Not only does the government lack the number of people needed to police every transaction that might involve national security, but personnel at CFIUS agencies often don’t have the understanding of the newest technologies sought by Chinese investors and the potential vulnerabilities any transfer of these technologies might create for the US, the source said.
While the Trump administration aims to score foreign policy points in a bid to broaden access to the Chinese market for US companies, changes prompted by the latest warnings about China may undermine a key component of the bilateral investment relationship.
The mounting pressure to tighten control over China’s tech investments in the US is likely to clash with Beijing’s agenda during Trump’s visit on November 8-10.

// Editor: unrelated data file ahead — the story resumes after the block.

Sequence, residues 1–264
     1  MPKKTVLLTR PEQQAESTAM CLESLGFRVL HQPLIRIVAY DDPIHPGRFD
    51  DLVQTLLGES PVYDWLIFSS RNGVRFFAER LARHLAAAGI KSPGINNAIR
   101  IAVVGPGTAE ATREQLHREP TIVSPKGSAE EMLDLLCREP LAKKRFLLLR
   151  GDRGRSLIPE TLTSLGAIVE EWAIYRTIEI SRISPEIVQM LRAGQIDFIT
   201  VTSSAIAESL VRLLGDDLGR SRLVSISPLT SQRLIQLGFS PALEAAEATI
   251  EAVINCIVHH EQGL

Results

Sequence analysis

In interviews with the Post earlier this month, Chinese trade officials appealed for easier US national security reviews as a concession during Trump’s visit.
“We’re paying particular attention to the problem of the very high ratio of Chinese companies caught up in the review process,” said Zhou Shanqing, economic and commercial counsellor at China’s New York consulate.
“Chinese companies have been number one for the past five years in terms of the ones undergoing CFIUS reviews, even though China represents a fairly small portion of foreign investment in the US.”
China’s filing of 74 acquisition notices to CFIUS was the most for the three years ended December 31, 2015, according to the most recent US Treasury Department data available on the body’s activity.
China was followed by Canada with 49 notices in the same period and Britain at 47. The report did not say how CFIUS responded to the notices.